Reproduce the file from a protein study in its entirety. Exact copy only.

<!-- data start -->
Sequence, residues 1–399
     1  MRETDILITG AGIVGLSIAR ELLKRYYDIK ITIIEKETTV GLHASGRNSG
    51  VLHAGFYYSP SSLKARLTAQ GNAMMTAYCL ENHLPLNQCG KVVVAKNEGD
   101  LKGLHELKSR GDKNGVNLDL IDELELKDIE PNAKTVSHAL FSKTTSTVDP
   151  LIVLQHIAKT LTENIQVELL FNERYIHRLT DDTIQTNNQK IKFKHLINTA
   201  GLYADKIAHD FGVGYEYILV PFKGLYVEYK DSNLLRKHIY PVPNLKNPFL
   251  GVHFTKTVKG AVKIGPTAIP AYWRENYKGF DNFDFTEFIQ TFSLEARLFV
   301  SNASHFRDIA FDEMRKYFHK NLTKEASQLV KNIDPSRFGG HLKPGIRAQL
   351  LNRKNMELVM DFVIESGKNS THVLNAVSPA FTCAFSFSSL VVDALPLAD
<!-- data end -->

Sequence, residues 1–399
     1  MRETDILITG AGIVGLSIAR ELLKRYYDIK ITIIEKETTV GLHASGRNSG
    51  VLHAGFYYSP SSLKARLTAQ GNAMMTAYCL ENHLPLNQCG KVVVAKNEGD
   101  LKGLHELKSR GDKNGVNLDL IDELELKDIE PNAKTVSHAL FSKTTSTVDP
   151  LIVLQHIAKT LTENIQVELL FNERYIHRLT DDTIQTNNQK IKFKHLINTA
   201  GLYADKIAHD FGVGYEYILV PFKGLYVEYK DSNLLRKHIY PVPNLKNPFL
   251  GVHFTKTVKG AVKIGPTAIP AYWRENYKGF DNFDFTEFIQ TFSLEARLFV
   301  SNASHFRDIA FDEMRKYFHK NLTKEASQLV KNIDPSRFGG HLKPGIRAQL
   351  LNRKNMELVM DFVIESGKNS THVLNAVSPA FTCAFSFSSL VVDALPLAD